“Optimally combining sampling techniques for Monte Carlo rendering” by Veach and Guibas

  • ©Eric Veach and Leonidas (Leo) J. Guibas




    Optimally combining sampling techniques for Monte Carlo rendering



    Monte Carlo integration is a powerful technique for the evaluation of difficult integrals. Applications in rendering include distribution ray tracing, Monte Carlo path tracing, and form-factor computation for radiosity methods. In these cases variance can often be significantly reduced by drawing samples from several distributions, each designed to sample well some difficult aspect of the integrand. Normally this is done by explicitly partitioning the integration domain into regions that are sampled differently. We present a powerful alternative for constructing robust Monte Carlo estimators, by combining samples from several distributions in a way that is provably good. These estimators are unbiased, and can reduce variance significantly at little additional cost. We present experiments and measurements from several areas in rendering: calculation of glossy highlights from area light sources, the “final gather” pass of some radiosity algorithms, and direct solution of the rendering equation using bidirectional path tracing.


    1. J. Arvo and D. Kirk. Particle transport and image synthesis. Computer Graphics (SIGGRAPH ’90 Proceedings), 24, 63-66 (1990).
    2. S. Chen, H. Rushmeier, G. Miller, and D. Turner. A progressive multipass method for global illumination. Computer Graphics (SIGGRAPH ’91 Proceedings),25, 165-174(1991).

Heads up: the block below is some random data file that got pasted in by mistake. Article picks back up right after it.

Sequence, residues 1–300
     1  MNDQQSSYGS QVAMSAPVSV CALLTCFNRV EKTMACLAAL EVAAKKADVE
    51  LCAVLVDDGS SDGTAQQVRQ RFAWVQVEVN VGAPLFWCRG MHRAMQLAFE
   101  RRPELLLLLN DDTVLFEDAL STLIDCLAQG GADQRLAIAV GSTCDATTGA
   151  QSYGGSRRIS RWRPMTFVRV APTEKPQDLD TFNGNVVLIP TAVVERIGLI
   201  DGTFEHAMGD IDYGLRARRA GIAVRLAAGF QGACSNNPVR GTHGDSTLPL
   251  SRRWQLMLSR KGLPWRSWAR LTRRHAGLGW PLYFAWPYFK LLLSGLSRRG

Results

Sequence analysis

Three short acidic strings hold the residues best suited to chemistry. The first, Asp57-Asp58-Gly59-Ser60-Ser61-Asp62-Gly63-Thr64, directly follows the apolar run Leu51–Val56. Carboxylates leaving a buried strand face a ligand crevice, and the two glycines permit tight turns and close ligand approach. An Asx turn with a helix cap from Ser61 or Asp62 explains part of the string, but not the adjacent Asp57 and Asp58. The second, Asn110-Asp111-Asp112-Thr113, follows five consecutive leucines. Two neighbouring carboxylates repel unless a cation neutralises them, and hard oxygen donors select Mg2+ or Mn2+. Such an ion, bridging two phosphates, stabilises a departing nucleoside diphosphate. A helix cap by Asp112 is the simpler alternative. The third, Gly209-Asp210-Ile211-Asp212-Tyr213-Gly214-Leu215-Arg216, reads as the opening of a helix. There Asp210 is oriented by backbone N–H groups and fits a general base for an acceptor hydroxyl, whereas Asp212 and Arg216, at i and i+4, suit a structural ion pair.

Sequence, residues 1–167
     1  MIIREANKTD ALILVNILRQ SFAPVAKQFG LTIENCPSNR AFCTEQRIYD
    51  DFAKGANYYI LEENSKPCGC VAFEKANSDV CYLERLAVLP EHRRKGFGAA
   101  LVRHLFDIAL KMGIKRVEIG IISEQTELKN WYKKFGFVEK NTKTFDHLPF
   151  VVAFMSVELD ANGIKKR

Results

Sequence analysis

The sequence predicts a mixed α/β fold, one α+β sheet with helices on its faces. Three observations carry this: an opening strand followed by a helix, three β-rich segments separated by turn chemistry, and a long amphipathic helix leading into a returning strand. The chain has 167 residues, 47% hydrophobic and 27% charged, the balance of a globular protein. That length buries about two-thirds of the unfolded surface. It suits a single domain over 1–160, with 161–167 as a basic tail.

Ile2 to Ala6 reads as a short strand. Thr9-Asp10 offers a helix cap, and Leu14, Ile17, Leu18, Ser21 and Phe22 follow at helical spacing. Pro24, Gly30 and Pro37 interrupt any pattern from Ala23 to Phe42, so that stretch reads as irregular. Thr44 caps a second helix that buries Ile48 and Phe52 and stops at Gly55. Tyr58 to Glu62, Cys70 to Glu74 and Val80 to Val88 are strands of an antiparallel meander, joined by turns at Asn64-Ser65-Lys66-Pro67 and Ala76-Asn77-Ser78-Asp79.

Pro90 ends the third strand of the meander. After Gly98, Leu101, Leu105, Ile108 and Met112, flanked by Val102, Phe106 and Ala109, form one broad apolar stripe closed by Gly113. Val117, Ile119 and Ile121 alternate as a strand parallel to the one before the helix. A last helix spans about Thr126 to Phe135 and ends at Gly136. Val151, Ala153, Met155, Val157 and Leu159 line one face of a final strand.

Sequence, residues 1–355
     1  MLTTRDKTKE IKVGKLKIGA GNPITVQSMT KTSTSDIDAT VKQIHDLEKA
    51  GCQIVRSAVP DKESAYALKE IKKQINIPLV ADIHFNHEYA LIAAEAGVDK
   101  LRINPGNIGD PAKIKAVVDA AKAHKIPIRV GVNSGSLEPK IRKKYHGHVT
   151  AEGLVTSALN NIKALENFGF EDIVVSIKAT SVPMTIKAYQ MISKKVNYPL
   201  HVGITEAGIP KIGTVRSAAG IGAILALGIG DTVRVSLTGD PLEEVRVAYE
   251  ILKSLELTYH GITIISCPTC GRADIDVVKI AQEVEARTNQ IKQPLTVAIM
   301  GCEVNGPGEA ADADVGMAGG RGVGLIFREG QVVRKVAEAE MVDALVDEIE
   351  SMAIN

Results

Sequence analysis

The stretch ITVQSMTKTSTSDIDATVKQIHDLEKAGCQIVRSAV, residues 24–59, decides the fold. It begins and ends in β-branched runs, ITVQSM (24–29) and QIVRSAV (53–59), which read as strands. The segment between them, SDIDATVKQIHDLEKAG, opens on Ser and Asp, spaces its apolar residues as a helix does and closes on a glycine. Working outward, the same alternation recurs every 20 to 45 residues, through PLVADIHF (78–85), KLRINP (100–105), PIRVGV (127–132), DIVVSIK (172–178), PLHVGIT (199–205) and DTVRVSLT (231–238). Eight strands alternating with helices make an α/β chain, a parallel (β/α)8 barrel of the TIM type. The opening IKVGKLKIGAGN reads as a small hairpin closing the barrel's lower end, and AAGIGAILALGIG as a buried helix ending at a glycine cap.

3. M. Cohen and J. Wallace. Radiosity and Realistic Image Synthesis. Academic Press, 1993.
    4. R. Cook, T. Porter, and L. Carpenter. Distributed ray tracing. Computer Graphics (SIGGRAPH ’84 Proceedings), 18, 137-146 (1984).
    5. J. Kajiya. The rendering equation. Computer Graphics (SIGGRAPH ’86 Proceedings),20, 143-150(1986).
    6. M. Kalos and E Whitlock. Monte Carlo Methods, Volume I: Basics. J. Wiley, New York, 1986.
    7. D. Kirk and J. Arvo. Unbiased sampling techniques for image synthesis. Computer Graphics (SIGGRAPH ’91), 25, 153-156 (1991).
    8. E. Lafortune and Y. Willems. Bi-directional path tracing. Proceedings ofCompuGraphics, Alvor, Portugal, 145-153 (Dec. 1993).
    9. E. Lafortune, Y. Willems. A theoretical framework forphysically based rendering. Computer Graphics Forum, 13(2), 97-108 (1994).
    10. G. Nelson, editor. Systems Programming with Modula-3. Prentice Hall, 1991. An implementation of Modula-3 is available at http ://www.research.digital.com/SRC/.
    11. H. Rushmeier. Realistic Image Synthesis for Scenes with Radiatively Participating Media. Doctoral Thesis, Cornell University, May 1988.
    12. E Shirley and C. Wang. Distribution ray tracing: theory and practice. Proceedings of the Third Eurographics Workshop on Rendering, Bristol, England, 33-44 (1992).
    13. E Shirley, C. Wang, and K. Zimmerman. Monte Carlo Techniques for Direct Lighting Calculations. ACM Transactions on Graphics, to appear.
    14. E. Veach and L. Guibas. Bidirectional estimators for light transport. Proceedings of the Fifth Euro g raphics Workshop on Rendering, Darmstadt, Germany, 147-162 (June 1994).

ACM Digital Library Publication:

Overview Page: